The Exciting Good News
I had just finished a three hour lunch after church and was about to share my Good News with someone. We loved going to the buffet and having lunch after church. The waitresses probably didn’t like to see us coming in because we hardly ever tipped them much, if anything, and then we would stay long enough to have dinner. Imagine having to provide drink refills to people and interact with them for hours to either get no tip or two dollars. We loved our “two for the price of one” deals. It was awful of us but we didn’t see our witness to the world. I remember a friend years later telling me that waitresses would avoid waiting on the Christians because they often complained and tipped very little. This was and is our reputation to the world.
An Encounter with Bad News
We walked out in the parking lot, laughing and joking. We were oblivious as usual, and then something broke through and grabbed our attention. A woman was crying near her car. She was lying on the ground next to her car when we found her. We went to her but she couldn’t speak very much at all. Through broken sobs we began to piece through her story. Her husband had met her there at the restaurant and told her that he was leaving her. She was inconsolable. All we could think about was the fact that she needed Jesus. Jesus would fix it. Our whole focus wasn’t on this poor distraught woman, but on our religious agenda.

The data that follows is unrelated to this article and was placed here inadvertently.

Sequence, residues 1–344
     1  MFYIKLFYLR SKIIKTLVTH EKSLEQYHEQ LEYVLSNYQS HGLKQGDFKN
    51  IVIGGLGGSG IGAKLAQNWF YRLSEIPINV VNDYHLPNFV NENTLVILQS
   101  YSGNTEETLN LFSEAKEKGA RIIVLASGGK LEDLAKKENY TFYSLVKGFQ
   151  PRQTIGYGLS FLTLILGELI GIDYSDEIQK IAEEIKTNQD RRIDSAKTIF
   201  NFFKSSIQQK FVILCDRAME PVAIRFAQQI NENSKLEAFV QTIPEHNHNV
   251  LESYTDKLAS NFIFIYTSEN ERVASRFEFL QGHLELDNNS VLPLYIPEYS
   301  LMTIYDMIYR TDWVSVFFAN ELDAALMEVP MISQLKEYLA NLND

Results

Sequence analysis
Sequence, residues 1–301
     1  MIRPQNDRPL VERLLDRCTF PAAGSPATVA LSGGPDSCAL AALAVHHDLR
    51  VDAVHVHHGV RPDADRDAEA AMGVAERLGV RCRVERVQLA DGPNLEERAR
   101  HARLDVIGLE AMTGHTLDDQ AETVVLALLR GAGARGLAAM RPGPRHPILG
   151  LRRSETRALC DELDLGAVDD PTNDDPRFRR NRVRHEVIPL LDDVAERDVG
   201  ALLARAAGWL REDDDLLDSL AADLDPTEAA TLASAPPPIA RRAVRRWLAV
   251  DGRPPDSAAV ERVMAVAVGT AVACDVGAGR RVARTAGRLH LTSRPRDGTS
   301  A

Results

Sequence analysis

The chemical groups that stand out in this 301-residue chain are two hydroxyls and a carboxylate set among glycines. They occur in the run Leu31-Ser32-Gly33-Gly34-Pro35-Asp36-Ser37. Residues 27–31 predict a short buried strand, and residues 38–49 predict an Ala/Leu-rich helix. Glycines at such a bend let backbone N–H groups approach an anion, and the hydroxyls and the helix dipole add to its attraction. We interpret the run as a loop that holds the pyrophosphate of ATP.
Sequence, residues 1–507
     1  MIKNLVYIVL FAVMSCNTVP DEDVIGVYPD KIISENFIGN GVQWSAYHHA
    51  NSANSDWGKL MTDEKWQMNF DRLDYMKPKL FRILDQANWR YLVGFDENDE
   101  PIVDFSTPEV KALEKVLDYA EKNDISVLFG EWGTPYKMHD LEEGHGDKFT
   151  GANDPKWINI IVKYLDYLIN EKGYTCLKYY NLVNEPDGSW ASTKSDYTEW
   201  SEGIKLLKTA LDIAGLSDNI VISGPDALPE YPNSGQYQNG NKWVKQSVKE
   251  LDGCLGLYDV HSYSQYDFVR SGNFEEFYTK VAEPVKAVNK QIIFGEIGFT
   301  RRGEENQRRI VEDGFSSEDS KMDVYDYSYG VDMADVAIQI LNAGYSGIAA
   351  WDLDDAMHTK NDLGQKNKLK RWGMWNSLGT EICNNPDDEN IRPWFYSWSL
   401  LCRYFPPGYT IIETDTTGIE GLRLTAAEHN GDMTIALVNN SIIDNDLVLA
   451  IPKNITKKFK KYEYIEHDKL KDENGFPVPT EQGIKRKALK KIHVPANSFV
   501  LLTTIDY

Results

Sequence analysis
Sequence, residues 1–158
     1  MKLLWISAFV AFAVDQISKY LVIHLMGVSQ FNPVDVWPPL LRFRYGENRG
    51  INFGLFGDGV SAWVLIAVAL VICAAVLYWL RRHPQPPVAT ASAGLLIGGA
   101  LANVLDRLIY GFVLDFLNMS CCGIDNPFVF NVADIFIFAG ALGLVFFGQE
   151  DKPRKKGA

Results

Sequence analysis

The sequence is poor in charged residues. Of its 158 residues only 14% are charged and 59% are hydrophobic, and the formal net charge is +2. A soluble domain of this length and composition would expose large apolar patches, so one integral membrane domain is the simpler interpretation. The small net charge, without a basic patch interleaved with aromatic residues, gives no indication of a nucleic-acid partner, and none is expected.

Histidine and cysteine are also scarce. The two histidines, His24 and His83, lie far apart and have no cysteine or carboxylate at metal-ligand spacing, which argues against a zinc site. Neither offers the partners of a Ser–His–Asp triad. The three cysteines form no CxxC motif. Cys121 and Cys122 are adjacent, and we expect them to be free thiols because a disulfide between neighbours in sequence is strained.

We Didn’t See Her
Our Good News was Bad News for her but we were so focused on our programming that we became obtuse. We tried through choked sobs and her falling down and being unable to stand to witness to her. If she just gave her life to Jesus, we told her everything would be better. God could handle her problems and bring her husband back. Like ignorant children, we failed miserably to share anything meaningful with her in that moment. She couldn’t hear a thing. Her world had just fallen apart and the last thing she needed was to be confronted with religious proselytism. Needless to say, we failed.
The Largest Slum in the World
Many years later, while serving as a senior pastor, I went to Africa. I had been there many times over a twenty year span. I had never been to the Kibera slums in Nairobi, Kenya. It boasts a population of over a million people living in abject poverty. Children run barefoot through the corridors of dirt and mud while open sewage flows freely. Tin roofs mark the landscape and present a people who are desperate for Good News. I was taken through these slums and walked for miles as a friend escorted me, delivering a history as we went. I was shocked as I saw religious institutions all throughout the place. When I asked my friend how many non government organizations were in Kibera, his guess was over five hundred. He told me that the ministries there, no matter what religion they ascribe to, take from the people.
A Poverty Epiphany